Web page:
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Data is one of an organization's most valuable assets. Keeping these assets safe and protected from malware, cyber threats and even human error is a mission-critical IT activity.
Domestic and international backup standards and regulations underscore the importance of protecting systems and data but typically do not specify the step-by-step process for performing these activities.
Key standards that reinforce the value of backup and recovery include standards from the International Organization for Standardization (ISO) and National Institute of Standards and Technology (NIST). Regulations, such as HIPAA, offer guidance for data protection and privacy law compliance that can steer backup and recovery strategy. Below are a handful of standards and regulations specific to data protection efforts.
3 key backup standards
Numerous standards apply to data backup. Organizations such as ISO and NIST publish backup standards that address storage security management, risk mitigation and data protection.
Backup standards for IT teams include the following:
ISO/IEC 27040:2015 Information technology -- Security techniques -- Storage security. This standard provides detailed technical guidance on how to effectively manage all aspects of data storage security, from planning and design to implementation and documentation. The standard provides guidance on mitigating risks of data breaches and corruption.
ISO/IEC 27001:2013 Information technology -- Security techniques -- Information security management systems -- Requirements. This standard is part of the ISO 27000 suite of standards that governs issues associated with information security. ISO/IEC 27001:2013 covers ways to improve an organization's data security and tailor a strategy of risk assessment and mitigation for that organization.
NIST SP 800-171 Protecting Controlled Unclassified Information in Nonfederal Systems and Organizations. This standard considers the critical role of backup and recovery in data protection, particularly Controlled Unclassified Information (CUI). CUI data is not covered under federal protection laws and isn't owned or created by the federal government. NIST SP 800-171 -- as well as its supplement, SP 800-172, which was last updated in February 2021 -- can provide guidance to data protection teams that ensures CUI data is secure.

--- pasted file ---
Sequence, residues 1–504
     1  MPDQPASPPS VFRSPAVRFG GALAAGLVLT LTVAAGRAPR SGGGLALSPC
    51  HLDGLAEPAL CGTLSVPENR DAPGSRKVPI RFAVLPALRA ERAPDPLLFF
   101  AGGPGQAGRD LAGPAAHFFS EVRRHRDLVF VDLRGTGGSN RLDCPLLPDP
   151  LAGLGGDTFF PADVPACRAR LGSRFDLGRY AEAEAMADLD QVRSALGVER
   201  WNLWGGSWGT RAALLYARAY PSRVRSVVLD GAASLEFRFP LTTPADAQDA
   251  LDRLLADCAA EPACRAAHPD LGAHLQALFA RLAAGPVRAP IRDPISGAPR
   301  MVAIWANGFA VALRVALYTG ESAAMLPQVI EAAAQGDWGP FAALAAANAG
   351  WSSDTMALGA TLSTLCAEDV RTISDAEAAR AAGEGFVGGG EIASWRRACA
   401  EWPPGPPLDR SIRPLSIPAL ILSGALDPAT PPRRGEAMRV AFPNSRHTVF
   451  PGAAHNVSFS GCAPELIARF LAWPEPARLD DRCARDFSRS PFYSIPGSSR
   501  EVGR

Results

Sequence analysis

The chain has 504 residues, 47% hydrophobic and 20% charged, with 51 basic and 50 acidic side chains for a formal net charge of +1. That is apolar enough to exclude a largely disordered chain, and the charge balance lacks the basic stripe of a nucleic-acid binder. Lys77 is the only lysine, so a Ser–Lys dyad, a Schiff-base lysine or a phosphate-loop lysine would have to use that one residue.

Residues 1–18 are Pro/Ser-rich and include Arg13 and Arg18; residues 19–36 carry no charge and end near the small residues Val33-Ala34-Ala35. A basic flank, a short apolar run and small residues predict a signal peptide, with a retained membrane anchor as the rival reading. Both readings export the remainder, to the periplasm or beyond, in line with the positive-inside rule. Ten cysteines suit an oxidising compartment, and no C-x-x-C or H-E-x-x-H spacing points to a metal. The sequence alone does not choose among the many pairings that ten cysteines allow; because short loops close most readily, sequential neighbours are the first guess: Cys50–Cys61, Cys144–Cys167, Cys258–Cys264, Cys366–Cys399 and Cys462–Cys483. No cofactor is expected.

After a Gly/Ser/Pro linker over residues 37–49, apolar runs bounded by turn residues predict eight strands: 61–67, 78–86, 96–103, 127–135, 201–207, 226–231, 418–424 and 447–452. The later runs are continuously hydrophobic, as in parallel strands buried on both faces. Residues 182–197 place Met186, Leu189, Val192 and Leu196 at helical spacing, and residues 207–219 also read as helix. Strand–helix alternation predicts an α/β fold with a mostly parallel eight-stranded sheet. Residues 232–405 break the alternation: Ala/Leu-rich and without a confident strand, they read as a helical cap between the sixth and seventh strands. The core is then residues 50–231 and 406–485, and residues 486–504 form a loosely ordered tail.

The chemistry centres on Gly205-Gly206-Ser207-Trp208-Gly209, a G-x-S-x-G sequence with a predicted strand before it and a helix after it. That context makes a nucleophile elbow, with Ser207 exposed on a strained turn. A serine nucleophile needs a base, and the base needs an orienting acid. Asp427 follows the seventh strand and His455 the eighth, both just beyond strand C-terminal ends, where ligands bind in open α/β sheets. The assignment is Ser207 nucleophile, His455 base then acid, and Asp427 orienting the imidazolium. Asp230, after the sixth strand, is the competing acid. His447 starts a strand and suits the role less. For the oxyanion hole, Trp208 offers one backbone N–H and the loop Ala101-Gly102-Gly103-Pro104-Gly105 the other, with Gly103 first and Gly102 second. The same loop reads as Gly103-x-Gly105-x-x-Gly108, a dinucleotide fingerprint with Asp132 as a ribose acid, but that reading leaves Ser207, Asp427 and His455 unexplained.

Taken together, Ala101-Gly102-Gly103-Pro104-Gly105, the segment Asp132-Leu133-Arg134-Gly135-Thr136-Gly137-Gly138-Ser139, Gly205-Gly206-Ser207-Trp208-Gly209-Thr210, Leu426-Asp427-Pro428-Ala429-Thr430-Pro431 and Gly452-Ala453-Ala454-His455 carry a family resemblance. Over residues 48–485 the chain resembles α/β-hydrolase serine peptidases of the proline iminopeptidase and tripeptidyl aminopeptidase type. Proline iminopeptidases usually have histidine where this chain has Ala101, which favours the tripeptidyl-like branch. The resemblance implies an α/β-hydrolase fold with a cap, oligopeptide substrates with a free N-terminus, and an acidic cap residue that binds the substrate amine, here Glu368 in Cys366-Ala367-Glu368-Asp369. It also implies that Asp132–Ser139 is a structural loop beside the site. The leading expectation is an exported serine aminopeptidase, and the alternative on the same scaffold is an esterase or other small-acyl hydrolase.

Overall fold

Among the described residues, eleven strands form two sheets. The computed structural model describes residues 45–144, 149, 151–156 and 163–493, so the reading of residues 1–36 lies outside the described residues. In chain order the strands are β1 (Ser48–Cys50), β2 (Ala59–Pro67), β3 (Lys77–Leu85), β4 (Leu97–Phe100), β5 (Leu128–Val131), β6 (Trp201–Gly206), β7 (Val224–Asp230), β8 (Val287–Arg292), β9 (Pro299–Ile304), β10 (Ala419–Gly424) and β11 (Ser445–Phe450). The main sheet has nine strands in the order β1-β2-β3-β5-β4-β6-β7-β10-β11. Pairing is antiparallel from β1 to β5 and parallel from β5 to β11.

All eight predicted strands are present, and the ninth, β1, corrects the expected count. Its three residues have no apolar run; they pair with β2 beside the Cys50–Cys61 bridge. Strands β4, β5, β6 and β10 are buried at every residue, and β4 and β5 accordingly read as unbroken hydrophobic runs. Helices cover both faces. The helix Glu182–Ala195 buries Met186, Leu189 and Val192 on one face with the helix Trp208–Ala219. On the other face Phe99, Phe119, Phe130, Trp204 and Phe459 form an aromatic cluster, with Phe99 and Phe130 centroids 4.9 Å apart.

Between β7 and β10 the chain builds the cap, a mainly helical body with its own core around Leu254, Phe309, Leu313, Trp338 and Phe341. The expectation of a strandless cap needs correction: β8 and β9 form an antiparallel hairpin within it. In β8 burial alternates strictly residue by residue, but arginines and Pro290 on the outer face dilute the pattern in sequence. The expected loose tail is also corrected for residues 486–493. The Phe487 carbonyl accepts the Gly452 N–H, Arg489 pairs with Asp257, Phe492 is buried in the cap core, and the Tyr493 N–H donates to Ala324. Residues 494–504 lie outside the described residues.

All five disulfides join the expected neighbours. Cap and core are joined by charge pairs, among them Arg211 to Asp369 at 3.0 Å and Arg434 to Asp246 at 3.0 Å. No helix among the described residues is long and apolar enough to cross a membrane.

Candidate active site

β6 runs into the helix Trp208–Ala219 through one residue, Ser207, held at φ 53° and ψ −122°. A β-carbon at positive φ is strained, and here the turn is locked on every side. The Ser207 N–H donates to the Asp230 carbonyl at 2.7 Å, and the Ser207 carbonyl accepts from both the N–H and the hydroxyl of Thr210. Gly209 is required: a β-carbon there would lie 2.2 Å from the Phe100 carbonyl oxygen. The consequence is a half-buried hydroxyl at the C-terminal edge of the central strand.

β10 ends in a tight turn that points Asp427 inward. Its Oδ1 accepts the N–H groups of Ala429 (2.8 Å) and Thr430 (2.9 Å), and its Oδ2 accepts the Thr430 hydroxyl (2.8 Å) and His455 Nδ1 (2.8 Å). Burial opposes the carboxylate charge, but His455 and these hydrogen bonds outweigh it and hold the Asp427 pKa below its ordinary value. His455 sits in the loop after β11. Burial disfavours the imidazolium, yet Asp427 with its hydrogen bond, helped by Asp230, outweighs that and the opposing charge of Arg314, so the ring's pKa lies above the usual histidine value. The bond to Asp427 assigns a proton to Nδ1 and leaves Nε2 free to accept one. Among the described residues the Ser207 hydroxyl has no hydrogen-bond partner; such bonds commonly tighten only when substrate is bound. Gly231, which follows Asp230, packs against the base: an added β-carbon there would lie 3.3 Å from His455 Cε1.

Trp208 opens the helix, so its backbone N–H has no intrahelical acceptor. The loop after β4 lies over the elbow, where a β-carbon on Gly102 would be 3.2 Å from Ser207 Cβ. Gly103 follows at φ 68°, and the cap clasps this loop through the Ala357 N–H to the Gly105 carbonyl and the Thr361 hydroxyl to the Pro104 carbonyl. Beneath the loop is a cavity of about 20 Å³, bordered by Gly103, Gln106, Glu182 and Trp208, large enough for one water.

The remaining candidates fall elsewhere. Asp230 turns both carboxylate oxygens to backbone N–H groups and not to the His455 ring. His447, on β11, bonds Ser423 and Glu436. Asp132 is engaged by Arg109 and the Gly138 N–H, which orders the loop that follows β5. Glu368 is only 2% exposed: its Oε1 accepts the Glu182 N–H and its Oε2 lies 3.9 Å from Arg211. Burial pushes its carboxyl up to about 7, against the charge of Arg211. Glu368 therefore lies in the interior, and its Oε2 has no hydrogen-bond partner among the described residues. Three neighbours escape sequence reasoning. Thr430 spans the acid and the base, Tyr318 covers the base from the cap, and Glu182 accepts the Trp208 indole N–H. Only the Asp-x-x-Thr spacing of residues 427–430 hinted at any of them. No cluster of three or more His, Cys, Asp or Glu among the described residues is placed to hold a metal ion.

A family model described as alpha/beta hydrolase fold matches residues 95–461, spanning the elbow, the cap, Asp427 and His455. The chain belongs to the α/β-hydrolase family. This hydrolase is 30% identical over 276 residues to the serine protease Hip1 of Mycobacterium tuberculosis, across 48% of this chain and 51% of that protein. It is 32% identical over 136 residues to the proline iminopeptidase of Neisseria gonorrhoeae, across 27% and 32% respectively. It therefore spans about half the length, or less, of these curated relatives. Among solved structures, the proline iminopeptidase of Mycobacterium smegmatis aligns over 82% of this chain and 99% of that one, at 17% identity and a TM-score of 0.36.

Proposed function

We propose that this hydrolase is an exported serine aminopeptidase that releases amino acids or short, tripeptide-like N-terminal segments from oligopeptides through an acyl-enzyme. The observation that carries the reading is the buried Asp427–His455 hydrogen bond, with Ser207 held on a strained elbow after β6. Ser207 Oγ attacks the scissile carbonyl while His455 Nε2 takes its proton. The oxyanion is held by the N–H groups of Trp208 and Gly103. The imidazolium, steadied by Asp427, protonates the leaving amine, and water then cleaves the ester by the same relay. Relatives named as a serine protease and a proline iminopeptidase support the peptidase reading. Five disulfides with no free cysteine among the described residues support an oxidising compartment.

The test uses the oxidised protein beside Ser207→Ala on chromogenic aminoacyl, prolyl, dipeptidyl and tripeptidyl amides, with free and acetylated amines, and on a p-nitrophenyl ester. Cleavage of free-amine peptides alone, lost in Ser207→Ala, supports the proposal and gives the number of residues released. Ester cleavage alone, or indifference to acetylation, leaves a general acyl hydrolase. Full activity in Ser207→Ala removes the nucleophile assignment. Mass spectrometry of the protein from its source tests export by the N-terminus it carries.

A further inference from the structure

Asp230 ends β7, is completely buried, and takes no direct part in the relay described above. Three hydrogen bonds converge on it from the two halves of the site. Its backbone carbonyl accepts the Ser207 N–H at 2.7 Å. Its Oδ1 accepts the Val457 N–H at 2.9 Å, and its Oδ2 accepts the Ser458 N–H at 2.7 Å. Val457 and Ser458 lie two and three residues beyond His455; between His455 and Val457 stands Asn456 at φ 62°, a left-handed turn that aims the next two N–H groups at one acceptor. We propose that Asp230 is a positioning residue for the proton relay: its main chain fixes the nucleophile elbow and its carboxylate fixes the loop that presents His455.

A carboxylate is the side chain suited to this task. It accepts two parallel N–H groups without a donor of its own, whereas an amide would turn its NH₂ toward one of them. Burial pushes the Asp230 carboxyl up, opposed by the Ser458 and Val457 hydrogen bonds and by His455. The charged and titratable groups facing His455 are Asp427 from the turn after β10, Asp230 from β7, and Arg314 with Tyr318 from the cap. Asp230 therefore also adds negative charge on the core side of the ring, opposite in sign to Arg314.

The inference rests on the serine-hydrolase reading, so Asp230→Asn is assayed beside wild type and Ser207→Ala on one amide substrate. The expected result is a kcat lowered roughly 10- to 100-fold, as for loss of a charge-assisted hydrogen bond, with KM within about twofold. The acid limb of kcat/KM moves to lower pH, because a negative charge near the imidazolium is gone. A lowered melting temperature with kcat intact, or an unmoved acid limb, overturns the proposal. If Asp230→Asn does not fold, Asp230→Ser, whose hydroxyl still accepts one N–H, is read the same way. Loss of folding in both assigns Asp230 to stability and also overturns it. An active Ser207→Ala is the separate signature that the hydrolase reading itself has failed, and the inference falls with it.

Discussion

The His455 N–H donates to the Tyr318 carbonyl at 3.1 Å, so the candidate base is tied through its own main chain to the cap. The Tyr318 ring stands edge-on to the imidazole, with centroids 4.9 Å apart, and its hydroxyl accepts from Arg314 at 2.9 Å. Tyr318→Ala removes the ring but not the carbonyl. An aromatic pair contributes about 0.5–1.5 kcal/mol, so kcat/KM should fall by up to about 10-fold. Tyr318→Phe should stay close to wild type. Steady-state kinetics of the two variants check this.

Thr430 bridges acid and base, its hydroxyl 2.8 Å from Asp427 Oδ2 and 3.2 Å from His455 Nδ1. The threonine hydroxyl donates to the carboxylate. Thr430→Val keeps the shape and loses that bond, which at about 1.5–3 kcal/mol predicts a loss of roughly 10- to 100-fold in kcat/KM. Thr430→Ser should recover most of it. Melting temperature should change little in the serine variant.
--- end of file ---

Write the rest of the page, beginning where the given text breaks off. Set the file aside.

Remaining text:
Regulations to watch out for
Compliance with local and global privacy regulations is an increasingly important part of data protection strategy. Two regulations, General Data Protection Regulation (GDPR) in the EU and California Consumer Privacy Act (CCPA) in the U.S., affect how organizations back up and store personal information. Violations of data regulations can result in penalty fees.
Domestic and global regulations that address backup and recovery include the following:
GDPR. The primary global data protection regulation, developed by the EU but with global effects, addresses the need for data protection activities, such as backup and recovery. GDPR expands privacy rights of data subjects and covers data produced by EU citizens, as well as all people whose data is stored in EU-member countries. It does not matter if the data belongs to EU citizens or if the organization collecting the data is in the EU.
CCPA. This regulation supports individuals' right to control their own personally identifiable information (PII). It gives California residents a way to control their PII through certain rights, including the right to know what personal information is being collected and the right to refuse sale of PII. Many IT organizations have rolled out CCPA compliance for all users, rather than create specific sites for California residents.
HIPAA. The Health Insurance Portability and Accountability Act Security Rule regulates information backup as well, in 45 CFR Part 160 and Subparts A and C of Part 164. Part 164 of the HIPAA Security Rule, in particular, includes requirements for protecting the security and integrity of electronic personal health information and includes backup and recovery in its requirements. This regulation serves as an audit and assessment standard for healthcare and nonhealthcare institutions.
Standards and regulations do not specify how to perform backup and recovery -- only that they are crucial activities. When an organization has formal backup and recovery processes, it can demonstrate conformity with these backup standards and regulations.
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